There have been articles in the Telegraph, Independent, Guardian, and Daily Mail plus many regional publications. Alan Titchmarsh, Chris Evans and Philip Schofield – have all featured the Morris film on their shows giving it significant air time – never mind all the regional radio stations doing their bit to promote what they see is a good film.
The latest excitement in just the last few days, US CBS News is doing a piece about the film and will be attending the matinee performance at Tisbury on the 14th March. And …. Morris is the now a part of the official selection for the Seattle International Film Festival – the biggest film festival in America. As we know after Slumdog Millionaire’s struggles before enjoying its successes, this could be the long awaited gateway to achieving the dreamed of status.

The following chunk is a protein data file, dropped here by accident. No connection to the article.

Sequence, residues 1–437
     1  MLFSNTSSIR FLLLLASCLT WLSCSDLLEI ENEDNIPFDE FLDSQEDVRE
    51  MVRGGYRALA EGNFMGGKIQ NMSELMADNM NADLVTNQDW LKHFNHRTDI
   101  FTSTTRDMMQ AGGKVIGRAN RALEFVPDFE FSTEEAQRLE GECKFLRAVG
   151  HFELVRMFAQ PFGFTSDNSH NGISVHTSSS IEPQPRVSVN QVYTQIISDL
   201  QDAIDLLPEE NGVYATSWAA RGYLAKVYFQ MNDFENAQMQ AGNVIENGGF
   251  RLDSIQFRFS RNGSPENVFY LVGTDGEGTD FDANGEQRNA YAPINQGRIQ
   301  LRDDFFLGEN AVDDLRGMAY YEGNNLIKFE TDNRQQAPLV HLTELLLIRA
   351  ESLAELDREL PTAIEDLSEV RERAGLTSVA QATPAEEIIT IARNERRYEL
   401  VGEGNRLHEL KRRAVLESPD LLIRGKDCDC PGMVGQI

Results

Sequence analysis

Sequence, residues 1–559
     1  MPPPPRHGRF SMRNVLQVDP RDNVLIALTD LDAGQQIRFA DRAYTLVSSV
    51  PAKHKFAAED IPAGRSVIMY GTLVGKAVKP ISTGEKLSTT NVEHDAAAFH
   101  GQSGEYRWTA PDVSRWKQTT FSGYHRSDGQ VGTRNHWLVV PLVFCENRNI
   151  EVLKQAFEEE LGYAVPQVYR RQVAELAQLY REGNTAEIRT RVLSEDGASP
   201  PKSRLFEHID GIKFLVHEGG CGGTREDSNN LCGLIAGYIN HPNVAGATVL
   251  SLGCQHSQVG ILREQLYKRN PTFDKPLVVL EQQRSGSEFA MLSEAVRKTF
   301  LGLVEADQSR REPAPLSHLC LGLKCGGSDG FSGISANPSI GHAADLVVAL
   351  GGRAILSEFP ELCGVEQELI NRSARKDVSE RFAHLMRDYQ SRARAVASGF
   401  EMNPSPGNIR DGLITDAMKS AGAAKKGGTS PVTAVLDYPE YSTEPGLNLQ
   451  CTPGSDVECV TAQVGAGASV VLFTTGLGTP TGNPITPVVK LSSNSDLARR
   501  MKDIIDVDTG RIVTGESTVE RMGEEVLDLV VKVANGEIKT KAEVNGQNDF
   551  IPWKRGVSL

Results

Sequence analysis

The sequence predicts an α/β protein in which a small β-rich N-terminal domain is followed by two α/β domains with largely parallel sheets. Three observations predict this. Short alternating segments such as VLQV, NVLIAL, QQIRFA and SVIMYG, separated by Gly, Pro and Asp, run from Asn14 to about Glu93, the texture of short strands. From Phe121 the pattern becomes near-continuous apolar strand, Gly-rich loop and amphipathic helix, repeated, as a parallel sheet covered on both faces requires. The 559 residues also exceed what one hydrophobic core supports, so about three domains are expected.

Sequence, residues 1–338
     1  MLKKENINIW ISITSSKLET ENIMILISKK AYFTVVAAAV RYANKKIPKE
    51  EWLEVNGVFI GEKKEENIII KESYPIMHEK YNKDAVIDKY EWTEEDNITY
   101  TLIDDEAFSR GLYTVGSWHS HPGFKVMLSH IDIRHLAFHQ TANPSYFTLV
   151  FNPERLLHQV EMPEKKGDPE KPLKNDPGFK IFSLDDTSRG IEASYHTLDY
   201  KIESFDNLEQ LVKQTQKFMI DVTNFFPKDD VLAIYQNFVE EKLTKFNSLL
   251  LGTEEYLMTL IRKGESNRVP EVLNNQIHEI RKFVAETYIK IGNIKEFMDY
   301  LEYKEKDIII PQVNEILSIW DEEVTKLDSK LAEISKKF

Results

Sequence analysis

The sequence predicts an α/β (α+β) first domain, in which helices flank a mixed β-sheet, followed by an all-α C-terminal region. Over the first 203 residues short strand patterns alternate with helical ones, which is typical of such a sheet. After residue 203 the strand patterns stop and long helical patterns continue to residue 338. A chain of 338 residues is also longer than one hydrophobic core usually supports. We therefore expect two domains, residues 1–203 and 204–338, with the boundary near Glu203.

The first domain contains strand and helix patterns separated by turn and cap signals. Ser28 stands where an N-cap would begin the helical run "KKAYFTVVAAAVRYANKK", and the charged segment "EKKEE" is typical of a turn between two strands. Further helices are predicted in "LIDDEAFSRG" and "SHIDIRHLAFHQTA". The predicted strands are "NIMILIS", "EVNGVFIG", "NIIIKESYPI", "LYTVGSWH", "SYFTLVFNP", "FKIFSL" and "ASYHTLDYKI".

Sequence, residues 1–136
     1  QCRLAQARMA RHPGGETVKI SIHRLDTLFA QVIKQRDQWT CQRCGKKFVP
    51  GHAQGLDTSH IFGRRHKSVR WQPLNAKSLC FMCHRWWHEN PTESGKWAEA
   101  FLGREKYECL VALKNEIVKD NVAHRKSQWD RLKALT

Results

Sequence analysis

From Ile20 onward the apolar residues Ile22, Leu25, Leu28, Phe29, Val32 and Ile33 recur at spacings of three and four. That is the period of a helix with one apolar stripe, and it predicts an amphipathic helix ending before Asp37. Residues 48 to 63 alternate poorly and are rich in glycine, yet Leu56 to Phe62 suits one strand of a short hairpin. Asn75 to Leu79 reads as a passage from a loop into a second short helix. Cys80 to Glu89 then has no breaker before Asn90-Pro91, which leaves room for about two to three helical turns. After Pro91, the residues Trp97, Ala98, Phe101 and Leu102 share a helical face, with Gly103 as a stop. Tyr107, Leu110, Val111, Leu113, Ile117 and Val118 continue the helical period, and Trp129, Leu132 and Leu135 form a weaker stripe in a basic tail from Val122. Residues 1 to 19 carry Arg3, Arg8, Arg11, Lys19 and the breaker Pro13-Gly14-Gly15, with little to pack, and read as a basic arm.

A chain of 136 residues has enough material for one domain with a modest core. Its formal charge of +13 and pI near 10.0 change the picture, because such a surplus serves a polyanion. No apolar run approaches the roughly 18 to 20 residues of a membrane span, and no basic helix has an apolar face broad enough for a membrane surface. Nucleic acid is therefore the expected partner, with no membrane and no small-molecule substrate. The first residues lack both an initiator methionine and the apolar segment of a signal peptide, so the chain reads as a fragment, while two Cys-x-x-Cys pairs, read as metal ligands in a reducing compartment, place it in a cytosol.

So if you think that this could tempt you out one night with your own merry band of men – and women – sign the petition, express your interest. You never know the distributors will take note and go for a general release and bring the Morris: A Life with Bells On film to a cinema near you. With any luck you too will get an enthusiastic audience who will make the atmosphere of the whole experience so much more enjoyable. I hope so – the country could certainly do with a laugh – couldn’t it?
A bit of History about Morris Dancing (from "Morris: A Life with Bells On" website)
Charles and Patricia Lester – designers and makers of costumes for Magenta played by Hilary Wood.